At the beginning of this course, I believed that learning was a creating knowledge process. I still agree with this information. Dweck’s work on fixed vs. growth mindset shows us that it is possible for us to continue learning when we make the focus on the actual process of learning instead of focusing on the content. We need to celebrate even small strides in the learning process and be comfortable tackling difficult problems and wrestling with them over the course of our period of solving them. As I sat through pre-conferences during workshop week, I noticed that my new co-workers frequently told me that our students were smart. My immediate follow-up to this was asking if they were a hard worker. As teachers, we collectively are apt to begin to think about and discuss students in terms of how smart they are, but we need to refocus frequently and think about how much students are willing to work to understand the information.
I also was thinking about organization in the classroom as we began the school year. It can often be difficult to myself let alone provide an organizational structure for my students. I am realizing more and more through my actual teaching experiences that the more that I can provide students with a consistent schedule, the more willing they will be to complete the tasks that we need done. For example, this year at my new school Mondays will be computer days, Tuesday will be instruction, Wednesday and Thursday will be guided groups and Friday will be assessment. By following a simple schedule, I can provide students with the consistency that they crave without them realizing that they are also going to be more organized.
I also have come to the understanding that I need to explicitly teach more problem solving. I need to work with students to understand the process of solving difficult problems. I need to give students the opportunity to witness an adult solving problems. I can do this by integrating more modeling and teacher talk into my curriculum.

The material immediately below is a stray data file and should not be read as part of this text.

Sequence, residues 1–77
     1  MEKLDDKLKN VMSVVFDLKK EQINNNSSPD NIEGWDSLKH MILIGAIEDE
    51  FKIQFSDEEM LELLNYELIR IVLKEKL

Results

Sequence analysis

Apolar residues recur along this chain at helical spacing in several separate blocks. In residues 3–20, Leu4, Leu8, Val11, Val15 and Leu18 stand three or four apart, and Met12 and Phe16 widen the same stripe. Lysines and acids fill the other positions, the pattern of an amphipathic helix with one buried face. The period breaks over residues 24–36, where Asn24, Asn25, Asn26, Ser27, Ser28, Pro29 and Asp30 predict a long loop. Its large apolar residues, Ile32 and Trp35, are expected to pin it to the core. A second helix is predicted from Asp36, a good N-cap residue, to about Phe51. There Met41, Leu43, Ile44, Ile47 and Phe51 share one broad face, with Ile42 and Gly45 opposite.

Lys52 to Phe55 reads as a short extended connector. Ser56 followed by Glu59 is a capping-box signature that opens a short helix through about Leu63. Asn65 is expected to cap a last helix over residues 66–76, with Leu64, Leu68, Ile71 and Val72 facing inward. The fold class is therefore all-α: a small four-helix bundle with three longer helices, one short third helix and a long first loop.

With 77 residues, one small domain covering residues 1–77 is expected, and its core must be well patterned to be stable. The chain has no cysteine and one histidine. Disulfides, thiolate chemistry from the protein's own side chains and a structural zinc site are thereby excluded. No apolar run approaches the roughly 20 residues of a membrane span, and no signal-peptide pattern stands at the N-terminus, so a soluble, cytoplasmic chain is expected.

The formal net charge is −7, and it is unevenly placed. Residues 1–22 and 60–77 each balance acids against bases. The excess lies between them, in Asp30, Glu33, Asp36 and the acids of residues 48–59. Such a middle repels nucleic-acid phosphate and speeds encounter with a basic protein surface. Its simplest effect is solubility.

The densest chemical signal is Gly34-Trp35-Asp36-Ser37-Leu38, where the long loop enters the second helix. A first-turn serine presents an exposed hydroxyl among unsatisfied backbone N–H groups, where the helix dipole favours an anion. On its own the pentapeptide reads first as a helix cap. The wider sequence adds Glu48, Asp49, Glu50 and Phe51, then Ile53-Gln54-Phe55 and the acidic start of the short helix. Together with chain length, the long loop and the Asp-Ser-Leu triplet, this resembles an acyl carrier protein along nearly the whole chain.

Today was my first day at my new school. I am anxious to get started and make decisions for my school year. I want to be prepared and ready for any situation! However, as teachers, we all know that regardless of the perparation that we do ahead of time, we will never be fully prepared for everything that happens in our classroom.
In one of my unguarded facebook binges (reading all the random things in my news feeed) I found an article called “For A More Ordered Life, Organize like a Chef”. The article states that “according to Marketdata Enterprises, Americans spend nearly $10 billion a year on self-help and personal organization products. The market is huge, partly because most colleges and grad schools don’t teach basic organization. But culinary schools and professional kitchens do.”
Why don’t we teach organization skills? I try to teach some basic skills to my students in middle school. I know that if I do not teach them how to organize I will never get work turned in. I will have students that attempt to complete an entire months worth of work in the 48 hours before the deadline! I focus on skills like writing things in planners or putting things in the correct binder section. I make students use one notebook for math and a different one for language arts. What skills do I need to add to my list of skills to teach middle schoolers?
This article also decribes the process of “mise-en-place”. For chefs this is the practice of “gather(ing) and arrang(ing) the ingredients and tools needed for cooking.” One statistic was that chefs may do 6 hours of prep work for a 3 hour dinner service. I know they do! I see them in the kitchen when I work at the golf course. When they get to ‘go time’ during dinner service everything that they need is never more than an arms length away. They can access everything that they need immediately!
How can I do this for myself in the classroom? What things do I need to mise-en-place so that I can be as effective in my teaching as the chefs are in their cooking? I’m thinking beyond maintaining an organized desk, I worry about how to I keep my materials for small groups organized and available at a moments notice. I think about how to I create a space where students can find and access the resources they need quickly and easily without needing lots of assistance from me. As I begin work in my classroom this week, I will think about creating a space where everything that we need is available at a moments notice just like the chefs at the golf course organize their station.